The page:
I am a Product Manager. What are you?

When I first started my job search I was looking for a replacement to what I was: General Manager.  However, I soon realized that I didn’t have the experience in years, size of company, size of team, scope of product(s), etc. to compete with other people who had the general manager title.  So, I went back to where I was more comfortable: business analyst or project manager.

I had a degree in Computer Information Systems, and an MBA, and had been a general manager for almost two years, but everything I learned was self-taught, with no mentors and no system in place.  I figured it would be a good idea to get what I’ll call institutionalized experience – not from a university but from the systems within a functioning business.

If you asked me then, like now, I would have told you I was passionate about the intersection of technology and business.  How to solve business problems with technology solutions. Because of my early work programming Simplot’s intranet (which was a lot of fun), I was most passionate about web technologies.  And, I have always been interested in a role within a company that had strategy and vision as part of it’s functions.

When I was searching for business analyst and project management roles, I came across a title that was new to me: product manager.  It turns out that a product manager is like a mini CEO… this is the person who owns a product and is responsible for the vision, strategy, execution, marketing, and profitability of a product.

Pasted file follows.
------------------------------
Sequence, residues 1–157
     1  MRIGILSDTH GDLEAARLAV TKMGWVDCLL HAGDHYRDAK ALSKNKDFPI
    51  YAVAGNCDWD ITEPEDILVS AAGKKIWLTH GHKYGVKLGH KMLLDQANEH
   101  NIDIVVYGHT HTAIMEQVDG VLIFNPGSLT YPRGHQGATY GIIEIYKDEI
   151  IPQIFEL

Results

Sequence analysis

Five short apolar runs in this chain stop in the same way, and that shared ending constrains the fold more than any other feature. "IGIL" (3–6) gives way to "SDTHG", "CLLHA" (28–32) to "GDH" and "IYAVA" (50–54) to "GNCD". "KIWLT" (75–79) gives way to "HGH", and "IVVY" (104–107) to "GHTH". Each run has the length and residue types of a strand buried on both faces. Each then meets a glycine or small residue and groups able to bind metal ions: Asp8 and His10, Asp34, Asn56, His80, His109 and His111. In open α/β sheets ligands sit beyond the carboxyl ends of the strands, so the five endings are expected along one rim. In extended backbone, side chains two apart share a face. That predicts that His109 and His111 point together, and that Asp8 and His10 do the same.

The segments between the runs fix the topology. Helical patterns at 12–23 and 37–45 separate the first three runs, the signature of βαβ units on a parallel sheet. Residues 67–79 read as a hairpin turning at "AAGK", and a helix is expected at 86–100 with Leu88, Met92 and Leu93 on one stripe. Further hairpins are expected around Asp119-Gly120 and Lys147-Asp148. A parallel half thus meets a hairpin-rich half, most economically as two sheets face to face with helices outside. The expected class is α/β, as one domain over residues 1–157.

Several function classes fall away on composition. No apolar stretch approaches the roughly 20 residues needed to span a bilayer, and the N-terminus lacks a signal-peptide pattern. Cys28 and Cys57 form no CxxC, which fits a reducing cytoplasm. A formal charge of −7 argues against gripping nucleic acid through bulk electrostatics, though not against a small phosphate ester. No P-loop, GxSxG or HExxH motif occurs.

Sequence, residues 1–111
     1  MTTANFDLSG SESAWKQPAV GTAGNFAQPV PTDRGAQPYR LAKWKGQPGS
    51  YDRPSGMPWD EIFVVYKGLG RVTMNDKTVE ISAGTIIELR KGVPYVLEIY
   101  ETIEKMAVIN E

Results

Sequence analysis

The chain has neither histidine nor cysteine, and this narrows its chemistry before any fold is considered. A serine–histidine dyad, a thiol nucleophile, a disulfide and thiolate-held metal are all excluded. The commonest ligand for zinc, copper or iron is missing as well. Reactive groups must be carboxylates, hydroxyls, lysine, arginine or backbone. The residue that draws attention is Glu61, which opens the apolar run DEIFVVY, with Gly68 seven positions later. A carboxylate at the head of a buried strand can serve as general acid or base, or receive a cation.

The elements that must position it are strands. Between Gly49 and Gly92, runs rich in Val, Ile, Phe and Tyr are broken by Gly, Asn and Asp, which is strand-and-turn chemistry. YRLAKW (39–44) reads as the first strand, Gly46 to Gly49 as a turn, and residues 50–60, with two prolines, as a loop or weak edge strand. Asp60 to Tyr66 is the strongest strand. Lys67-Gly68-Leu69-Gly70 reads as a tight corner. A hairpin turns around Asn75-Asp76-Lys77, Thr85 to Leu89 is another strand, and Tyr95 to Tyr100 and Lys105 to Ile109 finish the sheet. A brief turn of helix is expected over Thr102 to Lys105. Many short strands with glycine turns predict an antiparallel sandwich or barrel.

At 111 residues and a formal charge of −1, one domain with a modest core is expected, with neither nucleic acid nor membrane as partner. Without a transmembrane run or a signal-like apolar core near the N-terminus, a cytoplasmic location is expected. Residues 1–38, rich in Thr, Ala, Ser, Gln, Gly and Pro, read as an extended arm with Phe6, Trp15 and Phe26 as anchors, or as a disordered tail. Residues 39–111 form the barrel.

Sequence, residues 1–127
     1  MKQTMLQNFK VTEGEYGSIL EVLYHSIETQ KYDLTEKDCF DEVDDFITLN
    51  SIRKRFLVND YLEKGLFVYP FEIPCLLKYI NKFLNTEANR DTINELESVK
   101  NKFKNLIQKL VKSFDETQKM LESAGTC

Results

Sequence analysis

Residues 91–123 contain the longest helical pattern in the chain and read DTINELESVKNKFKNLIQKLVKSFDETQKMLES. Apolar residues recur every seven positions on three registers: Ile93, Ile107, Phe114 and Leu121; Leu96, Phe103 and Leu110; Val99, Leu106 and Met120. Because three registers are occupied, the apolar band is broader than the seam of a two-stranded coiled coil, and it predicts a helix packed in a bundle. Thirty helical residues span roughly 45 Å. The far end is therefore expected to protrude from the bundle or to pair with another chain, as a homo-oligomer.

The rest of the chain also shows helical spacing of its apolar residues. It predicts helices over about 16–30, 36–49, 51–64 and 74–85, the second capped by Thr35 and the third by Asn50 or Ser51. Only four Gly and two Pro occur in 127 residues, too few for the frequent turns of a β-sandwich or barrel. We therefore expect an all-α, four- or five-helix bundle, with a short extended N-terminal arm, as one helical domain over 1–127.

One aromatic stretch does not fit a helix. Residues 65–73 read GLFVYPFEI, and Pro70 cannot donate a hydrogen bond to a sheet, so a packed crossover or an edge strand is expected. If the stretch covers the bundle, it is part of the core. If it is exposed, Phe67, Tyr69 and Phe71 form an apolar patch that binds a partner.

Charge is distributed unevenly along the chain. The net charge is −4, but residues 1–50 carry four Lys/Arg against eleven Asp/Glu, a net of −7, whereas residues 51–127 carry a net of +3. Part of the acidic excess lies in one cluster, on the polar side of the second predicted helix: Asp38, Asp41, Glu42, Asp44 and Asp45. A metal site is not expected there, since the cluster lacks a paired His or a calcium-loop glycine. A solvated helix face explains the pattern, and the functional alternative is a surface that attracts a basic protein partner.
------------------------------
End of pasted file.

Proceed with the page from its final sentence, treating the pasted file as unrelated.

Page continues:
Wow… you mean I could do all the stuff I wanted to do, even without being the company’s CEO? Don’t get me wrong… CEO is where I wanted to go, but I didn’t think that I could be one anytime soon… I’d have to get more “gray hairs.”  But this product manager opportunity… wow!

As you probably know, I never landed a job as a product manager. Instead, I launched The Worst Job Search Ever, and eventually started JibberJobber.  Fast forward to today… it’s almost been eleven years since I got laid off and started this journey.  If any of you have ever been an entrepreneur, you’ll know that as the years go by, you really question the value that you bring to a corporate environment. As an entrepreneur, you do so many things that you are not sure what you specialize at.

A few months ago, I was chatting with a recruiter friend of mine and said “you know, if I wanted to get a job, I have no idea what title I would even look for.  You know me… what do you think?”

To my surprise (because I had kind of forgotten about it) and delight, he said “You should look for a job as a product manager.


A recruiter, trained to see what roles people could fill in a company, saw me as a product manager!

Over the last few weeks I’ve done some searches on product manager jobs in my area, and have been making a list of functions that product managers do.  This compilation is a list that is helping me restructure my role and job and duties at JibberJobber.  I’m virtually rewriting my job and duties, and those job descriptions are helping me.

I wonder, how many of you would benefit from this type of exercise?  Discovering the right job title for your (a) capabilities and (b) passions and interests, and then drilling down and defining what you actually do in that role, and what the value to the organization is.  This is what I would consider part of a career recalibration… a reality check.

It’s taken me a long time to get to a point where I’ve figured I was indeed hireable again, and going through this tactical exercise is helping me understand my value in the market.  For a lot of the people I meet at my presentations, I’d suggest this is an important exercise to really understand that you still do offer value, and you still can have fun in your career… and that you are not a has-been.  I know that the longer a job search goes, the more you feel that way… so do what I’ve been doing and start drilling down on the role(s) you would really excel at!

1 thought on “I am a Product Manager. What are you?”

  1. Jason, like you it seems we share job search strategy thinking. It is exactly what everyone in what next confusion could be doing. Well done!

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